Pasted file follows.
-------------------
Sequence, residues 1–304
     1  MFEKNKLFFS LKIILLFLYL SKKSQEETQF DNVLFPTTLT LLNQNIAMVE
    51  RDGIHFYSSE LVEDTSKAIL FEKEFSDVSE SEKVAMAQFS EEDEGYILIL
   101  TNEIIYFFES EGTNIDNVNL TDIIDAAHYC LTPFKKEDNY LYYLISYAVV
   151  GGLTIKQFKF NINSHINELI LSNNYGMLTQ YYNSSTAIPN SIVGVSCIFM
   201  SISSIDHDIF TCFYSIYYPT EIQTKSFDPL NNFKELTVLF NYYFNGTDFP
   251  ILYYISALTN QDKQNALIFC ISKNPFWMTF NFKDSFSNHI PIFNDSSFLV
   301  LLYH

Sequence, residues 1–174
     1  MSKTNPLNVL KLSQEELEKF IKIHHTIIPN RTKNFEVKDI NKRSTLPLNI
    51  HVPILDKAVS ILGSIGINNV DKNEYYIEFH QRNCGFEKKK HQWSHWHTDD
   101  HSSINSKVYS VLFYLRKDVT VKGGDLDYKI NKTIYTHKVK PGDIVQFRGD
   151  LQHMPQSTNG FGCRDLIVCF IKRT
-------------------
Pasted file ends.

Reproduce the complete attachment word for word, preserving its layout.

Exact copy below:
Sequence, residues 1–304
     1  MFEKNKLFFS LKIILLFLYL SKKSQEETQF DNVLFPTTLT LLNQNIAMVE
    51  RDGIHFYSSE LVEDTSKAIL FEKEFSDVSE SEKVAMAQFS EEDEGYILIL
   101  TNEIIYFFES EGTNIDNVNL TDIIDAAHYC LTPFKKEDNY LYYLISYAVV
   151  GGLTIKQFKF NINSHINELI LSNNYGMLTQ YYNSSTAIPN SIVGVSCIFM
   201  SISSIDHDIF TCFYSIYYPT EIQTKSFDPL NNFKELTVLF NYYFNGTDFP
   251  ILYYISALTN QDKQNALIFC ISKNPFWMTF NFKDSFSNHI PIFNDSSFLV
   301  LLYH

Sequence, residues 1–174
     1  MSKTNPLNVL KLSQEELEKF IKIHHTIIPN RTKNFEVKDI NKRSTLPLNI
    51  HVPILDKAVS ILGSIGINNV DKNEYYIEFH QRNCGFEKKK HQWSHWHTDD
   101  HSSINSKVYS VLFYLRKDVT VKGGDLDYKI NKTIYTHKVK PGDIVQFRGD
   151  LQHMPQSTNG FGCRDLIVCF IKRT